Today, the four species of bumblebees are also important pollinators for kiwifruit, blueberries, and greenhouse tomatoes.
Only one of those four species, Bombus terrestris, is known to forage on many native plants.
Bumblebees do have a social structure but with relatively small colonies (approximately 200 bees in summer). Their nests are built in dry hollow areas, such as firewood, under houses, in walls, or abandoned rabbit burrows.
Collapsing colonies and the mānuka gold rush
Although honey bees and bumblebees provide a great pollination service, they are competitors of the native bees. The rapid increase in numbers of honey bee hives in New Zealand (despite the global collapse of hives) affects the feeding success and ecology of native insects and birds as they compete for food.
They can also have further negative effects, such as modifying habitats due to preferences towards non-native plants, and increasing risks of spreading pests or diseases from beekeeping on public conservation land.
All around the world, the awareness of the impact introduced bees has on native bees increases. New Zealand, with its isolated location, offers an environment where introduced plants and managed pollinators from Europe present a unique opportunity to study and understand pollination assemblages since their impact on the ecosystem is relatively recent.
For example, New Zealand’s indigenous forests are highly valued by beekeepers for the clean nectar and pollen sources of toxin-free high-quality mono-floral honeys, which has led to the mānuka honey gold rush and additional change of land use after human settlement.
The disadvantage of the natives lies in their solitary life – they don’t fly long distances, they don’t communicate with their relatives to utilise new sources (that we know of), and they don’t have honey as a food reserve.
Habitat loss and how you can help
However, the main reasons for the population decline of the native bees are climate change and the change of land use by us!
Intensive farming and overpopulation have led to the loss of most of Aotearoa’s native habitat. Additionally, we use herbicides and insecticides to reduce yield losses caused by pests and weeds. Unfortunately, the majority of these pesticides reach beyond targeted species and pollute air, waterways, sediments, and food.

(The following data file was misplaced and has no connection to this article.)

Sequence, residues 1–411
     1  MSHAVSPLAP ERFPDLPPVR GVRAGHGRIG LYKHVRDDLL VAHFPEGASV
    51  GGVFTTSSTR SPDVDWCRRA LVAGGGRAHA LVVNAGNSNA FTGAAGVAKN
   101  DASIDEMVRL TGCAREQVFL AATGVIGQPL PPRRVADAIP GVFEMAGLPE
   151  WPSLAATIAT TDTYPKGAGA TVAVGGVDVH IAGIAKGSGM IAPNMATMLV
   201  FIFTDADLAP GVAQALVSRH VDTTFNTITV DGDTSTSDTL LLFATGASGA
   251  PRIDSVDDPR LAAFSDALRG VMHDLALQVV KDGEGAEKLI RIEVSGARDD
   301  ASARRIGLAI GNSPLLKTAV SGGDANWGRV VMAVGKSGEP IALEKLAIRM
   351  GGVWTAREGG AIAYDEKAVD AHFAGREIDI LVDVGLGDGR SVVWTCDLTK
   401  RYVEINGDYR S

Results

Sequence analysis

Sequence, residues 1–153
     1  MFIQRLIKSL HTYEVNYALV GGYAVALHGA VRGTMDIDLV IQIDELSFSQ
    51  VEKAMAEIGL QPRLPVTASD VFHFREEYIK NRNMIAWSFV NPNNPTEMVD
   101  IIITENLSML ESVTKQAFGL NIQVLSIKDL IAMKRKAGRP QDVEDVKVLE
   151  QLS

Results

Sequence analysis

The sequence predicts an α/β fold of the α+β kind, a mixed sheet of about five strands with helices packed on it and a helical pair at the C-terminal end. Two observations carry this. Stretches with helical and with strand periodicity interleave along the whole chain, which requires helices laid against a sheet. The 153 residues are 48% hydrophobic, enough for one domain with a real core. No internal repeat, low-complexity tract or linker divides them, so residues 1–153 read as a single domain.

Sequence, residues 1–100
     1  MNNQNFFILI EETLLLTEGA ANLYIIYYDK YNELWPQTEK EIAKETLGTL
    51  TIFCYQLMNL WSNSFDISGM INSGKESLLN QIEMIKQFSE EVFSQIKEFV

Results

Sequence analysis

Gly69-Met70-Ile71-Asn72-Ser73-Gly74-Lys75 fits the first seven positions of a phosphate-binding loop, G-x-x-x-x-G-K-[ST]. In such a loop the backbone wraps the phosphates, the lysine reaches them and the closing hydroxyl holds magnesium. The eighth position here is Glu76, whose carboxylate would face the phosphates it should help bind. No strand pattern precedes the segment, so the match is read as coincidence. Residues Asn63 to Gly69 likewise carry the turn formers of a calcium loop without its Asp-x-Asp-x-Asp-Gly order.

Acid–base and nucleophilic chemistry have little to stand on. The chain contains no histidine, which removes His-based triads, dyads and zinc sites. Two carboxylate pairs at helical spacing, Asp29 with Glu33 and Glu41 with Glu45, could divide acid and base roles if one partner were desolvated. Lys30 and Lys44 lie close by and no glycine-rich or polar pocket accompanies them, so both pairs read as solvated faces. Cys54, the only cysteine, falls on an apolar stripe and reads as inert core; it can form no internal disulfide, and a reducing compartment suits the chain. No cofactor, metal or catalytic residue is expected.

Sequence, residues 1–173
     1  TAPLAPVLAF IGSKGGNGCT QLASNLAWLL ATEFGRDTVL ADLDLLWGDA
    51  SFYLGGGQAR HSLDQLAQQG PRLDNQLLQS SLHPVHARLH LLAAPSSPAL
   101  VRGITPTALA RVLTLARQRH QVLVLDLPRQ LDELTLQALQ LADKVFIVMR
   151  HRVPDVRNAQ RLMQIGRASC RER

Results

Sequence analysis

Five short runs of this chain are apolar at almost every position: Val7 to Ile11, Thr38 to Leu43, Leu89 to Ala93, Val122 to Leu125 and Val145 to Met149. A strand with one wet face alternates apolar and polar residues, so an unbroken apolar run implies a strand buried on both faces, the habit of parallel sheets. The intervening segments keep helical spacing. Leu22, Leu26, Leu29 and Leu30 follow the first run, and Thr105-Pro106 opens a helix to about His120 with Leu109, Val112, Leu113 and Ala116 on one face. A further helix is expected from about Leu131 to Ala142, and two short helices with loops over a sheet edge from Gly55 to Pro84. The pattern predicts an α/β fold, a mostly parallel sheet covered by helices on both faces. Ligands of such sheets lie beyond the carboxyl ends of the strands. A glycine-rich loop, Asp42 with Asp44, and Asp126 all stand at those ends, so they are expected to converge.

Our knowledge of the effect on the pollination network is still poor. If not killed directly by the poison, pollinating insects, such as our native bees, may face desynchronised periods of their foraging times and the flowering and nectar production of the plants.
You can support native bees by planting native plants and trees for them to feed on, and, most importantly, buy seasonal and organic products in order to stop the spread of pesticides.
Read about initiatives like For the love of bees and Auckland Ecology.
Just a comment on Native Bees.
As a 50 year Wellington Beekeeper, I look forward to their emergence when the manuka and kanuka start flowering and have planted the old type dahlias in my garden just for these bees.
They are prominently pollen gathers and work the kanuka flowers profusely while my honeybees ignore these trees totally.
Honeybees may compete for nectar in some areas but these native bees are working manuka and kanuka a full two weeks before bees take an interest in the flowers.
They nest in banks and in sandy areas making burrows into the banks. After a out 10 years, these banks collapse (through the bees undermine it) and we can loose a total population. This also happen when road widening takes place.
They are well adapted to our ecosystem over a millions of years and provided we have manuka and kanuka in scrubby places, they will survive.
Just like honeybees, they cannot survive in intensively farmed areas as there are little pollen sources for them. We classify these as “green deserts”.
During the last two springs and summers I have taken photos of areas at Muriwai, Auckland where there are hundreds and possibly thousands of native bee nest mounds. I have been assured that I correctly identified the soil and sand mounds as bee diggings. Until last week I had not seen any of the bees. I came across much native bee activity amongst and over the debirs under a Norfolk pine tree about 200m from one group of the mounds I was able to photograph some of the bees and surprisingly some of the shots are quite good (they were taken with a camera and not my phone. I would like to email some of the photos to you for comment, to identify the bees and perhaps answer a few questions,
Graham Lowther email@example.com
09 416 7019
Hi Graham, this is really good news. Please feel free to send me the pictures for identification. I also recommend to post your find on https://inaturalist.nz/.